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Harry Potter and the Deathly Hallows Part 2 reviewed by non-book fan, Mike

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It’s been quite an adventure.

As I’ve mentioned over the years, I’ve only read the first “Harry Potter” book. Not bad, entertaining story. But I’ve enjoyed all of the films immensely. All seven of them. Make that eight.

Hogwarts. Shrouded in darkness and patrolled by Dementors, the school is nothing short of a prison now, with Professor Severus Snape (Alan Rickman) acting as warden. He has assured “you know who” that soon Harry Potter (Radcliffe) will return.

On a desolate beach Harry is paying his respects to his elf pal Dobby, who died saving Harry and his friends in “Part One.” Harry, Hermione (Watson) and Ron (Grint) must continue to search for the remaining three horcruxes that “you know who” (better known as Lord Voldemort) requires to obtain ultimate power. Their adventures lead them back to Hogwarts and the greatest showdown between good and evil since Luke Skywalker and Darth Vader mixed it up in “Return of the Jedi.”

As the final chapter in the “Harry Potter” saga, the filmmakers could have taken the easy route and just walked through the story. Instead they have created a film that takes its place proudly alongside the others. The focus of the film is squarely on our trio of young wizards, though we do get to meet some new characters, including Aberforth Dumbledore (Ciaran Hinds), the brother of Harry’s beloved, and quite dead, headmaster. “Remember,” Dumbledore tells Harry, “it’s the wand that chooses the wizard.” Good advice, that. The familiar faces of Harry’s past also return, including Bellatrix Lestrange (Helena Bonham Carter), Professor Slughorn (Jim Broadbent) and Professor McGonagall (Maggie Smith), though there parts are almost secondary. The film belongs to the kids and the bad guy. As Lord Voldemort, Ralph Fiennes is outstanding. His eyes lifeless, his every word accompanied by a “hiss,” Fiennes’ performance is one of pure evil. In 2003 the American Film Institute named the above mentioned Darth Vader the third greatest movie villain of all time, behind Hannibal Lecter and Norman Bates. I think when that poll is taken again in the future “you know who” may top the list. The three main stars are, as in previous films, pitch perfect. It has been a unique experience, as both a moviegoer and a critic, to watch them grow virtually before my eyes. Where once stood cute, precocious kids now are strong, confident actors, with Radcliffe the standout of the three. Not yet 21 (he hits that milestone on the 23rd of this month), Radcliffe has shouldered a franchise that has grossed over $2 BILLION! Incredible.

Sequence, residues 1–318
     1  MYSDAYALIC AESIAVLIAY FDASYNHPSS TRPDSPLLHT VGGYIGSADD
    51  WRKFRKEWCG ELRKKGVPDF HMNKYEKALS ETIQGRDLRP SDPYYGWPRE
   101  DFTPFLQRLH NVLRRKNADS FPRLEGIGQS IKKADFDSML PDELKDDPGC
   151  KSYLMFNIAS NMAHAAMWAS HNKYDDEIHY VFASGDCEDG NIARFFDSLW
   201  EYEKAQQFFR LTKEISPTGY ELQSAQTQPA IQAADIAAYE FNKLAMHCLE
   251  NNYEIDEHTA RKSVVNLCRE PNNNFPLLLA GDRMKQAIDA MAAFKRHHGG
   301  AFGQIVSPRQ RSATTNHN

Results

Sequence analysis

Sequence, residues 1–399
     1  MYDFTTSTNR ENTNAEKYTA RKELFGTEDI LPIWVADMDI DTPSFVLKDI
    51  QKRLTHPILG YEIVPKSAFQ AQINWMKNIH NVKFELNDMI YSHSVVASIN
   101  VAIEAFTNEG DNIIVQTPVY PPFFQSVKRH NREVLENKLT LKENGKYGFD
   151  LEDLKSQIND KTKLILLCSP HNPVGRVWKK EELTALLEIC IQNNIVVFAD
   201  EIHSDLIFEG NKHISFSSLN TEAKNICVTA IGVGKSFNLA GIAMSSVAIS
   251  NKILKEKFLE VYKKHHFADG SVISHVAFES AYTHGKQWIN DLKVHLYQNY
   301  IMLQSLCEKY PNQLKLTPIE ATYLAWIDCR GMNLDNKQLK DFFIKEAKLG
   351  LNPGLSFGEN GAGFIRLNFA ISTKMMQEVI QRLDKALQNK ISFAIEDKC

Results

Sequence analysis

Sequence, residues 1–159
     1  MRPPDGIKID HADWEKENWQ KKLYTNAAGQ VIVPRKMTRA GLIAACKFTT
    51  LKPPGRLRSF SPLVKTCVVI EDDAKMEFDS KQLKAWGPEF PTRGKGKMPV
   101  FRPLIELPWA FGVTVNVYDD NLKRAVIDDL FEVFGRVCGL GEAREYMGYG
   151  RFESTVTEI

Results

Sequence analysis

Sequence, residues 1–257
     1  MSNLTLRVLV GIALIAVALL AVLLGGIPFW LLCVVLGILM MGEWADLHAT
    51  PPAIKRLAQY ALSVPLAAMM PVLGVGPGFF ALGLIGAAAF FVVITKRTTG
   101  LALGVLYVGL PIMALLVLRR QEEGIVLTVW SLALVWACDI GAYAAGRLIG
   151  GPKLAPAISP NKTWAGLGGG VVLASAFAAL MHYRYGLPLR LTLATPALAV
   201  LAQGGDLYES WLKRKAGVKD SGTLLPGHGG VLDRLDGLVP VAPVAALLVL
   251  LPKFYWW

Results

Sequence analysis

The production design and special effects are equally well done. From a ride on the back of a dragon to a battle between everything (from giants to stone soldiers) on screen, the excitement level never drops. A quick caution to parents, however. This is probably the most violent film of the series. Blood flows and children die. But if the youngsters in the audience have read the books they probably already know that.

If you can’t beat ‘em, join ‘em. And the “Harry Potter” series has become an adventure that everyone should take.

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